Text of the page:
With major transition in the American capital this month, the financial services industry and its cybersecurity stakeholders, like many others, are watching what comes next. Recent federal and state efforts to set cyber risk management standards may be delayed by an incoming administration with deregulatory instincts.
Yet, as BioCatch’s Frances Zelazny argued recently in an article in The Hill, our nation’s leadership cannot ignore reality — our cybersecurity policies are not serving us well, and they need to be fixed.
The average company in the financial services industry alone experienced 83 million events in 2015, according to IBM. Just last month Yahoo announced a breach of 1 billion accounts —it’s second major hack announcement in the fourth quarter of 2016. Ongoing reports of hacks ensure that there will be pressure to continue to strengthen cybersecurity guidelines and protect consumers from fraud, identity theft, ransomware and other cybercrimes.
"Our policies need to adapt to the current fraud landscape and protect against future attacks."
Policy must adapt for better protection
Last fall, the Federal Reserve, the Office of the Comptroller of the Currency (OCC) and the Federal Deposit Insurance Corporation (FDIC) proposed new rules for enhanced cyber risk management standards. These latest standards follow existing federal legislation and regulation dating back to 1978 for risk assessment and management in the banking sector.
At the same time, the Department of Financial Services in New York is developing new rules to provide minimum requirements and deadlines for financial institutions doing business in the state.
These latest efforts are important. Current policies don’t consider the way fraudsters behave. Instead, they focus primarily on fortification and prevention, when what is needed, is to fortify resilience and real-time response. Today’s cybercriminals are sophisticated and patient. They are familiar with our prevention solutions and have figured out how to bypass them.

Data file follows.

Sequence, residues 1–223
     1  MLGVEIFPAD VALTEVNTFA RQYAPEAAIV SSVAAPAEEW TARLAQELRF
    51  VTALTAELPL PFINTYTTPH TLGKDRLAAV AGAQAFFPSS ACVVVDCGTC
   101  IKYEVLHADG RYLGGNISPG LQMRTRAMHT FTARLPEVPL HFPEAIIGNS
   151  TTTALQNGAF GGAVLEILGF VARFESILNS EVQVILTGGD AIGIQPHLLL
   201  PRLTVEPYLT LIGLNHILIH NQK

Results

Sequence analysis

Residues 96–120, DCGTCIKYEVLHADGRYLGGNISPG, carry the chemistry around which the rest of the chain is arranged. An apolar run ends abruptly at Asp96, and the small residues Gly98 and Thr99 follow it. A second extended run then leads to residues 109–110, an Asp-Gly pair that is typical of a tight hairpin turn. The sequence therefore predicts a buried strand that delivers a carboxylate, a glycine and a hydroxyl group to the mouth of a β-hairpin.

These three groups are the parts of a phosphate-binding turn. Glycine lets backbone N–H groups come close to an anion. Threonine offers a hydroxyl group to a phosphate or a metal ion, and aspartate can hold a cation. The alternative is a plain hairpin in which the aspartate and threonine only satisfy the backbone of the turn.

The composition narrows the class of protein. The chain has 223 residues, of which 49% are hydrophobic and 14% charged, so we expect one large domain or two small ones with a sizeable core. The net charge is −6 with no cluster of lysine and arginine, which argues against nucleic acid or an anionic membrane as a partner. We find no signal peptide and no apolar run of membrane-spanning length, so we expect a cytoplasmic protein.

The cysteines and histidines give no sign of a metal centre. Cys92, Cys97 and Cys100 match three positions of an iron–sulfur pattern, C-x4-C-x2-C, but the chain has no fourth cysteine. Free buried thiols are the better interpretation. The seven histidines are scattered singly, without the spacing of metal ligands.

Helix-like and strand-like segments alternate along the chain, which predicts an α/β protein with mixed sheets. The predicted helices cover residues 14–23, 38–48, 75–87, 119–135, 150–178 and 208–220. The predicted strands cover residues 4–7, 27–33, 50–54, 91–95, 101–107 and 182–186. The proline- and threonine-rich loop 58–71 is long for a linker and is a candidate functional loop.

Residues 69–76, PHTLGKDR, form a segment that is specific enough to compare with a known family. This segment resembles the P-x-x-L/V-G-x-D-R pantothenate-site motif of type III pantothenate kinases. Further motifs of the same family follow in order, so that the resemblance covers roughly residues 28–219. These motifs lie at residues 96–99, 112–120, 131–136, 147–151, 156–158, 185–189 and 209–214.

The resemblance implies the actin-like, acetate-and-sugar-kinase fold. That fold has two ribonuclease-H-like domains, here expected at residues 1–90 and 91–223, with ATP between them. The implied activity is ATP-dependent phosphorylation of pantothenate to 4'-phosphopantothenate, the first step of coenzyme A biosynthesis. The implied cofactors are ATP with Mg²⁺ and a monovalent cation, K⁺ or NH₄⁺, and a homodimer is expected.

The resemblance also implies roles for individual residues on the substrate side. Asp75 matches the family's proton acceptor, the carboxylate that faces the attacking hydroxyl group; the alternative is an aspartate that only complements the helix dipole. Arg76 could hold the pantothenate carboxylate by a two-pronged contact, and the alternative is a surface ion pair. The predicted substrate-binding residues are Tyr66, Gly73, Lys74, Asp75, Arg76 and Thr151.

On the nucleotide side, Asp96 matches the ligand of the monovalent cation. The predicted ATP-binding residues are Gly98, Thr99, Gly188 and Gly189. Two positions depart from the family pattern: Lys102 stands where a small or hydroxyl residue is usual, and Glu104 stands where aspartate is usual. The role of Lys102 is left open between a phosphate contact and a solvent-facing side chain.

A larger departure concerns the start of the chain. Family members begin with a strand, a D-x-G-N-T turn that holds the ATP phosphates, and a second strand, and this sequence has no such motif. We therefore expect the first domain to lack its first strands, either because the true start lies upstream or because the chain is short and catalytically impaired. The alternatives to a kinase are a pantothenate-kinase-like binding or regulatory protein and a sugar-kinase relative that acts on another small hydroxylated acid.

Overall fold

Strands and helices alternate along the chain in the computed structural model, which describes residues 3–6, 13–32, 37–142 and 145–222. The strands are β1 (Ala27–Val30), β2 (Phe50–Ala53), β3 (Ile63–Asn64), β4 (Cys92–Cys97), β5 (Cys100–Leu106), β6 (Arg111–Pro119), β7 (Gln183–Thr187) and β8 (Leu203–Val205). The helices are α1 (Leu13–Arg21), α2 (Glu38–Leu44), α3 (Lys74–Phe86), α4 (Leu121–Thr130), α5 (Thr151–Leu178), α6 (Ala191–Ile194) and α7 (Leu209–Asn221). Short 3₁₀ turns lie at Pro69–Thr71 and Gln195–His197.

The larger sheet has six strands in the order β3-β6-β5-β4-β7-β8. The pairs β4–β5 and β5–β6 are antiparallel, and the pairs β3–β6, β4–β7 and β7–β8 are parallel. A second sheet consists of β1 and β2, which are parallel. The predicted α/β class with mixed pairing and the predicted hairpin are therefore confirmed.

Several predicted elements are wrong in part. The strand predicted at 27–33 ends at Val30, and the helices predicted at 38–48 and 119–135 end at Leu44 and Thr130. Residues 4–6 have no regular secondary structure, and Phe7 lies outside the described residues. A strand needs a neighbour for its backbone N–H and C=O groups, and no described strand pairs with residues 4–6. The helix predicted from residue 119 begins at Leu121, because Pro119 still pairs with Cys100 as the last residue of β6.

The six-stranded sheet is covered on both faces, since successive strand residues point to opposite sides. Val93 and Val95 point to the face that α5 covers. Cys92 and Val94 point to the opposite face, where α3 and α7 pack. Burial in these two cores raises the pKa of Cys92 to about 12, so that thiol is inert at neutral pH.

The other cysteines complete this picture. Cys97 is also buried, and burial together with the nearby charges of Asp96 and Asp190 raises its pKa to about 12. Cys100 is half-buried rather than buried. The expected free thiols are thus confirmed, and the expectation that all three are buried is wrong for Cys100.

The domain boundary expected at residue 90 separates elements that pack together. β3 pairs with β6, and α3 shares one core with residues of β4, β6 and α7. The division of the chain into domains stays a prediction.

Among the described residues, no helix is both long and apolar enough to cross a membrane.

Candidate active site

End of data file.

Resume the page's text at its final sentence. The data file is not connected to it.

Threats are coming in three main forms—credential theft, remote access malware and social engineering—where oftentimes it is the human element that causes the breakdown. All the passwords, tokens and other forms of strong authentication are meaningless if a person is tricked into handing over their credentials, inadvertently installs rogue software that performs certain actions or unwittingly gives a criminal access to a machine or account.
Cybercriminals are a step ahead
A report issued last month by the FBI and Department of Homeland Security provides an example. The agencies described in detail how a spearphishing campaign distributed emails containing malware allowed hackers to compromise US democracy. At least one person activated the malware, which was able to establish further privileges, access email and active directory accounts and circumvent encrypted transmissions. In another successful attack an email fooled users into resetting their passwords through a “mirror” website setup on the hacker domain.
Today’s criminals are fighting a 21st century war, attacking our critical infrastructure and financial systems using unconventional techniques. PINs, tokens, passwords, IP verification, device authentication, physical biometrics and even multi-factor authentication can all be bypassed. The good news is that there are technologies such as behavioral biometrics that provide continuous authentication to validate who is behind a session and not just what device or passcode was used to authenticate the login.
Evolving policies need to take these capabilities into account, to combat the techniques that fraudsters are using, and to adapt to the current fraud landscape and to protect against future attacks.